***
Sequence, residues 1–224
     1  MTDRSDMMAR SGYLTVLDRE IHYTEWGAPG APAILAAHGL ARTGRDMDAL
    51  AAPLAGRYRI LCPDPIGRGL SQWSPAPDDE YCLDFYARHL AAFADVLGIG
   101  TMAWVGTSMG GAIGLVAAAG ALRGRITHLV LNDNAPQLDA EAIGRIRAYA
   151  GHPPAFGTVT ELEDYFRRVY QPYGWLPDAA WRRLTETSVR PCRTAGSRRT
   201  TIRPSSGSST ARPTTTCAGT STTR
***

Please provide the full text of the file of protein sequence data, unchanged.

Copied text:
Sequence, residues 1–224
     1  MTDRSDMMAR SGYLTVLDRE IHYTEWGAPG APAILAAHGL ARTGRDMDAL
    51  AAPLAGRYRI LCPDPIGRGL SQWSPAPDDE YCLDFYARHL AAFADVLGIG
   101  TMAWVGTSMG GAIGLVAAAG ALRGRITHLV LNDNAPQLDA EAIGRIRAYA
   151  GHPPAFGTVT ELEDYFRRVY QPYGWLPDAA WRRLTETSVR PCRTAGSRRT
   201  TIRPSSGSST ARPTTTCAGT STTR